Hard Frost

It was in the low twenties this morning. A hard frost is pretty when you know it’s going to warm up later.

This is why the growing season is over.

I’ll bring the Brussel sprouts in later this afternoon. It’s said that they taste better after a frost – if that’s the case, they should be delicious!


  1. We are finally going to have a hard frost this coming Friday morning, low of 25 degrees, BRRRRRRRR.
    The GOOD NEWS, no more cutting grass until early April.
    Having grown up on a farm in which the majority of the meat was raised or hunted and the majority of the vegetables were grown and canned I will eat just about anything (and actually like it), however, brussel sprouts is one of those things in which I think I would have to be placed on the show Survivor without food for a week or so before I could eat them.

  2. People who do not like brussel sprouts have not eaten them after they have been sweetened by a hard frost! They are heavenly roasted in the oven with a little olive oil. As the very last thing standing above ground in the garden, we love to harvest our sprouts for Thanksgiving. Enjoy!

  3. Gosh! It really is winter with you.

    Here in Suffolk (UK) it’s mild, really mild. Daytime temp is 13C, nighttime 12C, which isn’t right for November is it?

    When the thermometer drops we’re in for shock! All it needs is for the wind direction to change from SW to NE, then, brrrrrrrr!!!!


    PS I have moulting hens too, poor dears, I want their feather to grow – they look so sorry for themselves.

  4. Hello from WARM, sunny Florida ! Just wanted to say how much our family LOVES your blog and cams. I have them up everyday and we love your frequent updates. We farm citrus and blueberries, but have no chickens — our yard is full of foxes and coyotes at night. So, thanks for sharing your life with us down south. Keep up the good work !

    • Georgene- Our yard gets coyotes, too, but we still have chickens! Right now I’m reading a poultry book from 1919. The author writes about orchard/chicken farms – the chickens browse under the trees, get plenty to eat and reduce orchard pests. There’s a photo of a flock of hens in a prune orchard.

  5. Georgene, don’t let the fact that you have predators keep you from getting chickens, if that were the case then noone would have them. I have fox, coyote, racoon and possum (probably additionial critters) that roam the night in my neck of the woods and several different species of birds of prey that soar in the sky during the day.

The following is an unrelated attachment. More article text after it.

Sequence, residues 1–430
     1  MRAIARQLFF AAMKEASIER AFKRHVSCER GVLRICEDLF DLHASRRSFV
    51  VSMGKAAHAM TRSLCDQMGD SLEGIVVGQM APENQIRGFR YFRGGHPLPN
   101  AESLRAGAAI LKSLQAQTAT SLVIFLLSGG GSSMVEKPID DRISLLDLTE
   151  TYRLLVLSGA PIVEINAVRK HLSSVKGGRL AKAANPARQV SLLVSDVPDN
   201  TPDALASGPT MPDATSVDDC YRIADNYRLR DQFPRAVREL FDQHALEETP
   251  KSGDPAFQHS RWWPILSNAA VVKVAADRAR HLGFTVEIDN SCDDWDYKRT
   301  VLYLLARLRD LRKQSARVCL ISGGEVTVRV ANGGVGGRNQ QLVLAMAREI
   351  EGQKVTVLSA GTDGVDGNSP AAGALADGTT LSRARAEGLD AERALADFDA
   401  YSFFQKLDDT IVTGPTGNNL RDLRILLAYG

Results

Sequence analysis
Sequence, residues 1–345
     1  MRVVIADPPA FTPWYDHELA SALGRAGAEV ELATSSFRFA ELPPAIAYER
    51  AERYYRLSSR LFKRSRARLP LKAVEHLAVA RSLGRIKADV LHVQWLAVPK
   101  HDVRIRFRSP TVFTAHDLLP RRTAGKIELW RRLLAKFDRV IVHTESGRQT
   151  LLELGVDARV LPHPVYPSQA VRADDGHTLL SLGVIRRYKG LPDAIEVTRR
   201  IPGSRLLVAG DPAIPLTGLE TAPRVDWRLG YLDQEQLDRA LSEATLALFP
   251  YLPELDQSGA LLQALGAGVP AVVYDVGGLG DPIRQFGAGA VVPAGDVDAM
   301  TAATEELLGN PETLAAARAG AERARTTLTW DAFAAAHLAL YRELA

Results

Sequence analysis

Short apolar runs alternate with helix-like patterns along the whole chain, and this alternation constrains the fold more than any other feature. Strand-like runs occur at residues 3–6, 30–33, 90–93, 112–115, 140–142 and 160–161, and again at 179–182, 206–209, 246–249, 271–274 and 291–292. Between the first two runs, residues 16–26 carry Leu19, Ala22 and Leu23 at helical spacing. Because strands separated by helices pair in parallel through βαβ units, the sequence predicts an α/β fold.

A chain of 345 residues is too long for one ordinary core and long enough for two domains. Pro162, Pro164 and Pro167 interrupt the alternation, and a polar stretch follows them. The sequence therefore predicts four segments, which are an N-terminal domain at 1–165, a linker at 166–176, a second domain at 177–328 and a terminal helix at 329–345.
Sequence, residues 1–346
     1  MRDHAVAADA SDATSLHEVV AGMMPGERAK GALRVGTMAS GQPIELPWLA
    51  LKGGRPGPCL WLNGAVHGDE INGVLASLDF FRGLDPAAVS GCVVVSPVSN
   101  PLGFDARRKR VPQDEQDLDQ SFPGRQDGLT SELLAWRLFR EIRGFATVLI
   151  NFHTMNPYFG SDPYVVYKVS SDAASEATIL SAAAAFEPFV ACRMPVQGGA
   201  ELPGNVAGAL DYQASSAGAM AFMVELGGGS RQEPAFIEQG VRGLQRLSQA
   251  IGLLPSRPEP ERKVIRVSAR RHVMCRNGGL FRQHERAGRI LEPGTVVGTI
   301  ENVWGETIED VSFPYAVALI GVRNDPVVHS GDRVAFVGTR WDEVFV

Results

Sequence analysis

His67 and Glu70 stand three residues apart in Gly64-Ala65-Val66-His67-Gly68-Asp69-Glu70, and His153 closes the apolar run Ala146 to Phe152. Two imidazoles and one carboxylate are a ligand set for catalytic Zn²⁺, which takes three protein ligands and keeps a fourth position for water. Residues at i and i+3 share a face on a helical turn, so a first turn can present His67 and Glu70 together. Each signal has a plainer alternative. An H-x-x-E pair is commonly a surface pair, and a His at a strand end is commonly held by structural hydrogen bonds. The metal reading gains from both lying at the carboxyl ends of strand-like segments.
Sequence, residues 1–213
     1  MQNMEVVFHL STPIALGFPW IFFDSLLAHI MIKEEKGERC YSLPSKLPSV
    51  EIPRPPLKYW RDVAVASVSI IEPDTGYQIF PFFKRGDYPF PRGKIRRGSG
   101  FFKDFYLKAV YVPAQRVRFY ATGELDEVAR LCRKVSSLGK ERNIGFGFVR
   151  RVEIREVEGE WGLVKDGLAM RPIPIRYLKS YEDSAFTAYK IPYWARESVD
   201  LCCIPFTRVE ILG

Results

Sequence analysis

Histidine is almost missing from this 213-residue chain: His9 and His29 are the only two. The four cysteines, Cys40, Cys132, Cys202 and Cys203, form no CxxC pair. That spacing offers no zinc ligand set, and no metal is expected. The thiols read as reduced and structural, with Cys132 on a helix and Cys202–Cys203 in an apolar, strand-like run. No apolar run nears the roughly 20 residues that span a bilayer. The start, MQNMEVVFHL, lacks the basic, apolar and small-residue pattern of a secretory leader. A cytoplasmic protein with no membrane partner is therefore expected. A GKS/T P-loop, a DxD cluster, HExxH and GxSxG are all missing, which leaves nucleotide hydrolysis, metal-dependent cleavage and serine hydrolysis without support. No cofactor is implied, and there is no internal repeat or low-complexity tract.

A little precaution is all that is needed. A secure coop for the night and a covered run during the day. My run is covered in deer netting that is inexpensive around $10 for a 7 foot by 100 foot roll. It’s very light weight so it’s easy to work with can be fastened to the fencing with zip ties. It’s light weight also makes it almost invisible.
    Terry, I had a aunt (God rest her soul) that had orchard chickens, she had numerous varieties of fruit trees and more then I could estimate. She sold fruit at the local farmers market as well as all her excess eggs either at the market during the season or customers who came to the door. The coop was smack dab in the middle of the orchard and the only fencing was around the orchard and it was electric fencing to keep the deer out but the chickens from what I remember never wondered out of the orchard. She always said her chickens paid for themselves and the egg money was a bonus, she had few pests and the chickens required little feed.

  6. I never liked Brussels Sprouts until I became pregnant. Then suddenly I was eating them obsessively… sliced in half, steamed, with butter and parmesan. mmmm.
    The day after I gave birth, I hated them again, and haven’t been able to eat them since.
    ….but I’d give ’em another go with your recipe, Terry!